A Bulgarian accused of spying for Russia was allowed by a court in his home country to visit Moscow, where he received an award from President Vladimir Putin.
Despite being barred from foreign travel as part of a $28,000 bail agreement two months ago, the court granted Nikolay Malinov permission to go to Russia on Nov. 1, according to prosecutors, Bloomberg reported.
There, the former lawmaker and head of Bulgaria's National Russophiles Movement attended a reception marking Russia's National Unity Day and was presented with the state honor, according to official footage. Prosecutors are seeking an inquiry into the court's decision.
While Bulgarian-Russian relations are generally cordial, Malinov was charged with supplying information to a Russian research institute and a non-governmental organization to help alter his country's geopolitical trajectory. He denies wrongdoing over the offenses, which carry a potential prison term of as long as 15 years.
The award from Putin recognized Malinov's contribution "to the development of friendship and cooperation between our countries" and "should not be a matter of any prosecution," Kremlin spokesman Dmitry Peskov told reporters Tuesday on a conference call. "We hope that people like him will have the opportunity to continue to work."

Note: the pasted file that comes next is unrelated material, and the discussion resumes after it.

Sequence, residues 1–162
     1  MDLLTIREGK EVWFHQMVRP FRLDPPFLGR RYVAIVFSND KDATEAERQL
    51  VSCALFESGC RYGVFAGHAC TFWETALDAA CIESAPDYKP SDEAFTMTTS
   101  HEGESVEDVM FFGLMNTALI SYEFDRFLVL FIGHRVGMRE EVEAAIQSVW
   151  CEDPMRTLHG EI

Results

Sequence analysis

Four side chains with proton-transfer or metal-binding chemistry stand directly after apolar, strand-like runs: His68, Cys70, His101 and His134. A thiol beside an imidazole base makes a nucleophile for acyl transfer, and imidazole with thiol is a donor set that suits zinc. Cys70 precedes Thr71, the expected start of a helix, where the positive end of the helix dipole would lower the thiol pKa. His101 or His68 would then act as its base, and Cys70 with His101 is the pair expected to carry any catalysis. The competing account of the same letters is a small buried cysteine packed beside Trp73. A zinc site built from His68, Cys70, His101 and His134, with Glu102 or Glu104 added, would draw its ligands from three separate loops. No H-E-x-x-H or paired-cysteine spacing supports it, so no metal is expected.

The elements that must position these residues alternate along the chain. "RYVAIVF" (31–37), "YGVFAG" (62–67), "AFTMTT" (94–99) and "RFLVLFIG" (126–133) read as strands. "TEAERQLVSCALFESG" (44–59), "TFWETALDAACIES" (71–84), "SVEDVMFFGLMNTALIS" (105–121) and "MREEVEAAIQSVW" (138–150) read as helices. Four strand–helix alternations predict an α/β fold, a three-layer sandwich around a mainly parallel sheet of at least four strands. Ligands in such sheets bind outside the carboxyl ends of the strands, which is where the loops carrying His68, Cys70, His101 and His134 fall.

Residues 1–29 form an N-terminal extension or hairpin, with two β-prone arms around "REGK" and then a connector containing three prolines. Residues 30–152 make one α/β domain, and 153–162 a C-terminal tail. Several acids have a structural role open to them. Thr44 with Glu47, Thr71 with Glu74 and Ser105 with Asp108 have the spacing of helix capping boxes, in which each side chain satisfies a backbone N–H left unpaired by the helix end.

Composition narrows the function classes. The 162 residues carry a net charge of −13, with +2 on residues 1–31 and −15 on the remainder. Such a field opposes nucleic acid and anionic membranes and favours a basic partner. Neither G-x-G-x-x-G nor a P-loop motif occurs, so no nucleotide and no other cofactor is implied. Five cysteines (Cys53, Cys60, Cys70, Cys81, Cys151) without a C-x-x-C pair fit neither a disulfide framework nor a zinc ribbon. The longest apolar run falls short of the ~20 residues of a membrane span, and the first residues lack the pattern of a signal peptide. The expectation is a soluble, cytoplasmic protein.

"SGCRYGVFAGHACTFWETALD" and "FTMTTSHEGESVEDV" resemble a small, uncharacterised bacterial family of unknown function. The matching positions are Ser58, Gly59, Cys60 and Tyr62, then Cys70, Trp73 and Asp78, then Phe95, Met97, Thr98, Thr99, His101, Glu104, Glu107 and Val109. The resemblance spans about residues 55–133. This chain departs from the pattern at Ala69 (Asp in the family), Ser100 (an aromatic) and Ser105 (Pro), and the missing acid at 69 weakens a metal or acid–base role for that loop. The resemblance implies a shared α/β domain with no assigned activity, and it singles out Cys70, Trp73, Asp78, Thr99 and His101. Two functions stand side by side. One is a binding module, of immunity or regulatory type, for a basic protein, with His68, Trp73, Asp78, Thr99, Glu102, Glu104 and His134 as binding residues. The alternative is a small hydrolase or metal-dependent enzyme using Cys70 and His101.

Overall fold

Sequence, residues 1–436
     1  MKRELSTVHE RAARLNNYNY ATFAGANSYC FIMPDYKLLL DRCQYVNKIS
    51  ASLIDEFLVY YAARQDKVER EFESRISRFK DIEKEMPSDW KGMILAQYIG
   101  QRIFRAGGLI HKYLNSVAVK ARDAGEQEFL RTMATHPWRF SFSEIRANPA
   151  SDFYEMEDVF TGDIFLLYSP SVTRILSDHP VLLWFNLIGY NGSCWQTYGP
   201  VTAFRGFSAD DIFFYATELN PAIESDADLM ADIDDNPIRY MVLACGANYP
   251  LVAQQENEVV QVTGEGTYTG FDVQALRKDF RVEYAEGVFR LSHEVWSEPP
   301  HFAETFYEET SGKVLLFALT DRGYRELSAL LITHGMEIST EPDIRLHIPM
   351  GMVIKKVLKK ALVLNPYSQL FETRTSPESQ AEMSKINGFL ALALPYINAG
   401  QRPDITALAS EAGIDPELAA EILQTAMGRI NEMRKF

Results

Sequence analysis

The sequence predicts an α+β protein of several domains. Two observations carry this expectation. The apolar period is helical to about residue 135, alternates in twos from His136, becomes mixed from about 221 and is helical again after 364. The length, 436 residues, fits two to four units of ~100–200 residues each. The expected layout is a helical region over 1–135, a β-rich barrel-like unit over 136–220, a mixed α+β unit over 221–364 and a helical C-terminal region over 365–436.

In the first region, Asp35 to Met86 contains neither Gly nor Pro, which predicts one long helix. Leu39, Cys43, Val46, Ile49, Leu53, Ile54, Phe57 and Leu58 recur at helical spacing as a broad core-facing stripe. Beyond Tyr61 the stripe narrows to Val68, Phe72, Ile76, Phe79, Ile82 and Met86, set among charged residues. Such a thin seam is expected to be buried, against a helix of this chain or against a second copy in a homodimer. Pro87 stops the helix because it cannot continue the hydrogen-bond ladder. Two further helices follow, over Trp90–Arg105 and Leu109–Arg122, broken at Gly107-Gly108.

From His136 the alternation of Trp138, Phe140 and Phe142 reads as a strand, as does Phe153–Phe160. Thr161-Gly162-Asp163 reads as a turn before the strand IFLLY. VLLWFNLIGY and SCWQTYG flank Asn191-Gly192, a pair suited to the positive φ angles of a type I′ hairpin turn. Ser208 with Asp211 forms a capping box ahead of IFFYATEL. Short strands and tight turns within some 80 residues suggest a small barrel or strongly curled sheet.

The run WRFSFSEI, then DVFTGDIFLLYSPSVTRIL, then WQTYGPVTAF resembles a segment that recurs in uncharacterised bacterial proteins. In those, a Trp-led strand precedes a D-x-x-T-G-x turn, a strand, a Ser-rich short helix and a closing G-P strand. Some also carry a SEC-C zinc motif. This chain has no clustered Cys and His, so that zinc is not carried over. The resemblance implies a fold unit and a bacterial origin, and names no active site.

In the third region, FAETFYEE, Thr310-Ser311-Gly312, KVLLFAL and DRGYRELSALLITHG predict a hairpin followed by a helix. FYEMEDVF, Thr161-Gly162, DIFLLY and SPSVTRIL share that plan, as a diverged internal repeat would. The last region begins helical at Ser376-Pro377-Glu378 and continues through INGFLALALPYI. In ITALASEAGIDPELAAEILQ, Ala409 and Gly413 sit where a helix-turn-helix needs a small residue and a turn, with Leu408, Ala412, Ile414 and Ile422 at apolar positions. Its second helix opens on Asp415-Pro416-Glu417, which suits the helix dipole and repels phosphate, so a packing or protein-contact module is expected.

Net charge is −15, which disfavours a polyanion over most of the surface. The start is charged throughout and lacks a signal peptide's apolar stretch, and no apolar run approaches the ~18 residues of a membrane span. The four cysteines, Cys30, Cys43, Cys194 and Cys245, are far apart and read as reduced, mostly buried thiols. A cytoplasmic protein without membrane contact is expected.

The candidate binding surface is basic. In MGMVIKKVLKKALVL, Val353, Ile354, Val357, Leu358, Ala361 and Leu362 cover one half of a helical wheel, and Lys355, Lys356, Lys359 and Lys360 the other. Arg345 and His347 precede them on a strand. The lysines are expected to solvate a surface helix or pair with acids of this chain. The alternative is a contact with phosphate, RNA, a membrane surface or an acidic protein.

Malinov saw retired Russian secret service Lieutenant-General Leonid Reshetnikov, who's deputy head of the NGO and has been banned from visiting Bulgaria for 10 years, in Moscow.
"I met General Reshetnikov – we ate, drank and went to a Russian bath," he said late Monday. "My most important meeting was with Putin, and fortunately I had the opportunity to talk for five to six minutes about Bulgaria, the Russophiles and his opinion of what we do."